So, those questions I mentioned above. Be mindful of how you learn about trans and non-binary inclusion. If you’re asking a client or patient a question because you’re curious or you’re “just trying to learn more about trans and non-binary people,” save your query for an internet search or a paid consultation. Your clients or patients are hiring you to provide them with care for their pregnancy or reproductive journey. If you need help learning more about caring for non-binary birthing people, YOU need to hire someone to teach and support you, or take advantage of the resources (like this one!) that non-binary folks have already created.
If you work with parents, chances are you’ve witnessed the unique, specific magic of each and every child-parent relationship on the planet. Words like “mom,” “mama,” “dad,” and “daddy do not fit every parent. Full stop. This isn’t just about non-binary folks, if you stop calling every birthing person you encounter “mama,” you’re going to make a lot of folks feel a lot more seen and respected. Many people dislike being called a parent name by other adults. If you need an alternative, perhaps use the birthing person’s name, or if you don’t have time to learn or don’t know their name, focus on making the interaction warm and friendly, without using first or parent names at all. If you do want to use someone’s parent name, ask them what they plan to be called. Who knows, your practice may be full of mamas, as well as babas and maddies and seahorse papas and so many other parents that you get the privilege of supporting.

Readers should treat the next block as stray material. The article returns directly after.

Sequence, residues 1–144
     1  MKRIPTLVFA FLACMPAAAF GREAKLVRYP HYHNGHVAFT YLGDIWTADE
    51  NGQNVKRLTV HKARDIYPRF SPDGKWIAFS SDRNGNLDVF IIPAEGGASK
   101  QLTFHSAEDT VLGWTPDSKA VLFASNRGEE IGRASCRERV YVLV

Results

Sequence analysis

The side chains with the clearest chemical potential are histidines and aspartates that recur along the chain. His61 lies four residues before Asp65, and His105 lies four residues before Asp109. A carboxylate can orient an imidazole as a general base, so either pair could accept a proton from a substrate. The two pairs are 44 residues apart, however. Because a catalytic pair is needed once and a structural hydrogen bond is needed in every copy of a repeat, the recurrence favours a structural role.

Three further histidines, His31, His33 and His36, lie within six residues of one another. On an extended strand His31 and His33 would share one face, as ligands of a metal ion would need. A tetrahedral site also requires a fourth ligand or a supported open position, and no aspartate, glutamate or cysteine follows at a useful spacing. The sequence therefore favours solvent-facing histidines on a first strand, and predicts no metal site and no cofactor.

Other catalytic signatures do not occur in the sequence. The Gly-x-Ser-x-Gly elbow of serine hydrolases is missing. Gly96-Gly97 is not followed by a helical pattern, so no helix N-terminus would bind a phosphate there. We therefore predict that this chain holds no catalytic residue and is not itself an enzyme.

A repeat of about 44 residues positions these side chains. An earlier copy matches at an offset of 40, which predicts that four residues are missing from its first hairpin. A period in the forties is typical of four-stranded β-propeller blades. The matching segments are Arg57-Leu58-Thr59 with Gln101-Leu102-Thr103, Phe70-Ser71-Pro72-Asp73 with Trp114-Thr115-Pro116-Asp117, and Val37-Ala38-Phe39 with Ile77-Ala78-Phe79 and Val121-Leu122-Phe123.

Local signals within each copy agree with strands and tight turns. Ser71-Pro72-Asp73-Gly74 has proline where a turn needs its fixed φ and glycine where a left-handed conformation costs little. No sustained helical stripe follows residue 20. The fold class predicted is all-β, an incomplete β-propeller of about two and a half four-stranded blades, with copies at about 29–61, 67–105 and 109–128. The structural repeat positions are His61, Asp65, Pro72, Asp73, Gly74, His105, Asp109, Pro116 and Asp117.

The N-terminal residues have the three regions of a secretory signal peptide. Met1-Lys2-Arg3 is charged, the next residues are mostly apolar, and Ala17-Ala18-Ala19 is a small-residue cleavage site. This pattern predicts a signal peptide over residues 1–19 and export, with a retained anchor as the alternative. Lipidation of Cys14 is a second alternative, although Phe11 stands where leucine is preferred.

Beyond names, all aspects of parenting are unique. Don’t assume that you know what someone will or won’t be doing as a parent, and what their family structure or child caring will look like. The non-binary people you’re working with may or may not feed their babies from their bodies. They might stay at home, or work full time. They might have three co-parents or none. Be open to each person as an individual and each family as a unique community of humans doing life together in some way.
Pregnancy and birth is felt by many to be a feminine experience. Many people feel affirmed as women as they go through the experience of pregnancy and birth, and many people (non-binary or not) don’t. No matter your own experiences, be willing to see the vast expanse of lived experiences beyond what you’ve felt yourself or seen in other clients. Pregnancy and birth are human experiences (and animal—we are in good company as we reproduce, experience loss, and bring life into the world) so be mindful of treating or describing pregnancy and birth as inextricably linked to womanhood or central to the female experience.
Many of the suggestions above have to do with autonomy, privacy, and informed consent. Prioritizing these values in your practice won’t just make safer space for non-binary people, it will better serve each and every person you work with. Whether you’re still in school or training or have been at this for decades, continually check in with yourself and reflect on how you’re treating your clients or patients as equals, respecting their autonomy and valuing their consent, and how you can continue to grow and do better.
Don’t stop here. Always center the voices of trans and non-binary people as you work to create safer space and better care for us and trust that people are the experts in their own identities and experiences. However, if you’ve learned something about supporting non-binary birthing people, pass it along. Don’t compete to be the “best ally,” but instead point others to truths and practices that will create more affirming care for non-binary people as they build their families.